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Tolerance Stack Ups 501: Going Beyond Mechanical Fit and Into Predictive Design
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It’s been a while since our last teardown here at Fictiv, so we knew when we came back that we had to take apart something really special. Something completely unique. Something…cool.
We present: the Coolest Cooler; the Kickstarter product that swept the nation in the summer of 2014, raising $13 million dollars from over 62,000 backers. The Coolest Cooler was developed by Ryan Grepper, in order to bring a multi-function cooler to outdoor events everywhere.
Each cooler includes a blender, a Bluetooth speaker, a USB charger, a knife, a bottle opener, a corkscrew, a center divider that can be used as a cutting board, and a few plates. The Coolest Cooler currently retails for $399.99.
The Coolest Cooler is an interesting consumer product, partly because of the problems the company ran into while trying to scale up production to meet overwhelming demand. Their initial delivery deadlines were pushed back a number of times, and some backers have reportedly still not received their orders.
Our coworkers were horrified when we told them that we were planning on ripping apart the cooler of the century. It does blend drinks well, so we understand their heartbreak. But we were too curious about why this cooler was so hard to manufacture to stop ourselves from breaking it down.
Here are the mechanical features of interest we’re drilling into for this teardown:
1. Assembly – rotational molding, expanding foam, and sub-assemblies
2. Design – complicated design that required many injection molded pieces
3. Mechanisms – two spring mechanisms and a blender
The main body of the cooler is made using rotational molding, a molding process in which a hollow mold is filled with plastic pellets, then rotated slowly in a heated chamber, so the plastic melts and covers the inside of the mold. Once cooled, the mold is opened, and the hollow final piece is removed. The orange outer body is rotationally molded into the color of choice.
Foam adhesive and a plastic structural lattice are placed into the outer body. Expanding foam is used as an adhesive and helps prevent heat transfer, keeping the cooler…cool. The inner body (white) is placed on top of the adhesive and lattice and left to cure together to create one large piece. The doors of the cooler are screwed into this main body. Most large hollow plastic parts are made this way—tooling costs are much lower for pieces of this size, compared to injection molding.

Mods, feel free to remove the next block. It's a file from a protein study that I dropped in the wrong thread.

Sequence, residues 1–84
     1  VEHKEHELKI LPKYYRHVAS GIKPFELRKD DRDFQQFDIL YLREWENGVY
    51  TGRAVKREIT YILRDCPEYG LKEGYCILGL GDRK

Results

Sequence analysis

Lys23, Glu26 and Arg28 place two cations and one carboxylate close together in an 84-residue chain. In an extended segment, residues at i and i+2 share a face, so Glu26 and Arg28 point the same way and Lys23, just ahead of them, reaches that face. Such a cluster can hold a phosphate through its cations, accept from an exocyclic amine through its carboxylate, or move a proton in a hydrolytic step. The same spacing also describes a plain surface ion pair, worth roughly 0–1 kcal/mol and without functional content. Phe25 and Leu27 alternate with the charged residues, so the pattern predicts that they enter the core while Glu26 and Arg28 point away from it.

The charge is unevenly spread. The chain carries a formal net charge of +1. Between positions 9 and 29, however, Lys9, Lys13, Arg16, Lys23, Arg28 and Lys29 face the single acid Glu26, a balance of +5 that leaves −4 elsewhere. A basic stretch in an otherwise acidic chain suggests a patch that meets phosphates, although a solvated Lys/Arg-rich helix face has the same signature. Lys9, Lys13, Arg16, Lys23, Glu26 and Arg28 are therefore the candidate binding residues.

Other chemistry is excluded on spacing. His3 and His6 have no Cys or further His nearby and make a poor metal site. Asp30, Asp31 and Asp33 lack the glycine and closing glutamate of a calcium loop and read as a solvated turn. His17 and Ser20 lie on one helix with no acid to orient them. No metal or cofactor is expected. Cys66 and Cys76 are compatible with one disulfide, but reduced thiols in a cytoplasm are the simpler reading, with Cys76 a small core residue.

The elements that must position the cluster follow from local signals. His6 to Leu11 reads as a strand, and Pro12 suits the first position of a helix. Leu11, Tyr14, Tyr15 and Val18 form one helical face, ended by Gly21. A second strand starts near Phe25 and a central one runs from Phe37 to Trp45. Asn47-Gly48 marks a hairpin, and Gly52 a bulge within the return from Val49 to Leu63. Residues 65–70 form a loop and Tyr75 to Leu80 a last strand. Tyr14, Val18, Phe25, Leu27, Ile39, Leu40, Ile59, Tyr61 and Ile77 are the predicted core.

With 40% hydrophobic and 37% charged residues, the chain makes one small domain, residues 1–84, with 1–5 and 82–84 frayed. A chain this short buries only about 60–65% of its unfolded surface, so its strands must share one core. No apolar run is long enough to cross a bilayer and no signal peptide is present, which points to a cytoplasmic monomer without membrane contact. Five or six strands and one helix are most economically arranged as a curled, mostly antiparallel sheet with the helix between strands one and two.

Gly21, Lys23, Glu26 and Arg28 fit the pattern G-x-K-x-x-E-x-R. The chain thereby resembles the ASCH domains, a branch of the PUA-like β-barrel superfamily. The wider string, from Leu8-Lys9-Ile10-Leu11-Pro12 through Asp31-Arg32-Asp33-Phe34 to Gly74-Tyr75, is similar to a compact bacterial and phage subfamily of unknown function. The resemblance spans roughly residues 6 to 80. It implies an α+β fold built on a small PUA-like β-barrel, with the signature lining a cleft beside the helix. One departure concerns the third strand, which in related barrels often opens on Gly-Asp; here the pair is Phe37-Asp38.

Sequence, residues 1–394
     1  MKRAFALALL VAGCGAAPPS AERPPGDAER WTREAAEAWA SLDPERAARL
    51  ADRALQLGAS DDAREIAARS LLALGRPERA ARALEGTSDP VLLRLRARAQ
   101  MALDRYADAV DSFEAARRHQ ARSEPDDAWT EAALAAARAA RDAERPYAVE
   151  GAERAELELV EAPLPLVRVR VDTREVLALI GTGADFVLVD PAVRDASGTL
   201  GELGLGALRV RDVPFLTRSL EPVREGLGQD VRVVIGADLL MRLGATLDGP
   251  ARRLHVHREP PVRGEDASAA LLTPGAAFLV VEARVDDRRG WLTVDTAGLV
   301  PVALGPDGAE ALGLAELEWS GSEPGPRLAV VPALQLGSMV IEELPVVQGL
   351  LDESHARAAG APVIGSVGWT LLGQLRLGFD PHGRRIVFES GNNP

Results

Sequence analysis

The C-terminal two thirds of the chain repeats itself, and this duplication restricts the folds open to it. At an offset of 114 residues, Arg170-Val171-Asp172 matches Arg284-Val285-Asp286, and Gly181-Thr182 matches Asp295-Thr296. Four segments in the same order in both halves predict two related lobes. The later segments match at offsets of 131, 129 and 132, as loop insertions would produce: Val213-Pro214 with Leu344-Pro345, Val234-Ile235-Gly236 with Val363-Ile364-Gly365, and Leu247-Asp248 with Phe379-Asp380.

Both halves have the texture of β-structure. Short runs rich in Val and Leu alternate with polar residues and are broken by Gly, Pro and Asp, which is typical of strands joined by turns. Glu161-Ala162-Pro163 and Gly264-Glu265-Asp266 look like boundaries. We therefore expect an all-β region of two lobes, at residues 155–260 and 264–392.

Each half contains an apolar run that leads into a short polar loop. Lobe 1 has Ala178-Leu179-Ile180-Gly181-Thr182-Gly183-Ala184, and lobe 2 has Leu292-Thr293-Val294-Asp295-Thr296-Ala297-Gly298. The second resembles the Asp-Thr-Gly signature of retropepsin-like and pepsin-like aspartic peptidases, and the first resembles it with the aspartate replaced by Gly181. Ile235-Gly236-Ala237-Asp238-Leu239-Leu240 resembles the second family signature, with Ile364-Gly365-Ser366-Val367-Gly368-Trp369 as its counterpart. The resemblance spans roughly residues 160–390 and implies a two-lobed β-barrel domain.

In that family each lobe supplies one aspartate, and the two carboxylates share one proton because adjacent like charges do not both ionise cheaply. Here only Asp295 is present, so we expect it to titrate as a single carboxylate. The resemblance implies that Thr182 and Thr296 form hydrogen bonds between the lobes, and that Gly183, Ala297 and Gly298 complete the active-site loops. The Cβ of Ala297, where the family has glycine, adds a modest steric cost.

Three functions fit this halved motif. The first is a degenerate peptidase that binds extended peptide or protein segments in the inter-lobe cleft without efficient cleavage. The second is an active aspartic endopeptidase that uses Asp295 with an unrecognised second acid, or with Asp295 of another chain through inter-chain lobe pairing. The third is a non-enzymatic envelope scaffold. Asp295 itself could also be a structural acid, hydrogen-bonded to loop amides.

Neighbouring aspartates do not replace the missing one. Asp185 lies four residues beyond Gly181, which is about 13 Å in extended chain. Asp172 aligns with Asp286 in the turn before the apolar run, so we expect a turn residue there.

Theoretically, if injection molding was used for this part, an enormous block of steel would be needed to make each side of the tool, making the up-front material cost incredibly expensive. If you used injection molding, you’d also need to worry about the pressure required to hold a tool this large together, while pressurized plastic was shot through narrow channels. This is not a concern with rotational molding, in which plastic evenly coats the internal cavity of a tool using heat and gravity—no high pressure jets of plastic required.
The Coolest Cooler’s appeal is that it has countless features built into one base—the cooler itself. But these features required their own sub-assemblies, in order to incorporate them into the main body of the cooler. In order for these features to be incorporated into the cooler, each has its own sub-assembly, which is incorporated into another, larger sub-assembly (like the doors of the cooler), which are then assembled into the larger cooler itself. Each of these sub-assemblies must have added up to increase the total assembly time required to make each cooler, which could limit the number of coolers that could be produced per day.
We noticed that the sub-assemblies we took apart were quite complicated, and required a number of injection molded plastic pieces in order to function. Specifically, we noticed a large number of parts required to create the holder for the speaker system. This over-complicated design was likely time-consuming and expensive. Let’s break it down in the next section.
Large housing 1 attaches the entire assembly to the main body of the cooler. Large housing 2, attached to large housing 1, incorporates the bottle opener, which is embedded into the plastic. A smaller plastic piece, with helicoils pressed in, attaches both large housing pieces to the main grate, which holds the speaker inside the cooler, while still allowing sound to escape. Another plastic piece snaps over the edge to hide the assembly. All these pieces are for one sub-assembly—a rather complex design for a simple speaker holder/bottle opener. For this one sub-assembly, at least 4 injection molding tools had to be created. The designers didn’t leverage snap fits or quicker assembly options in the design.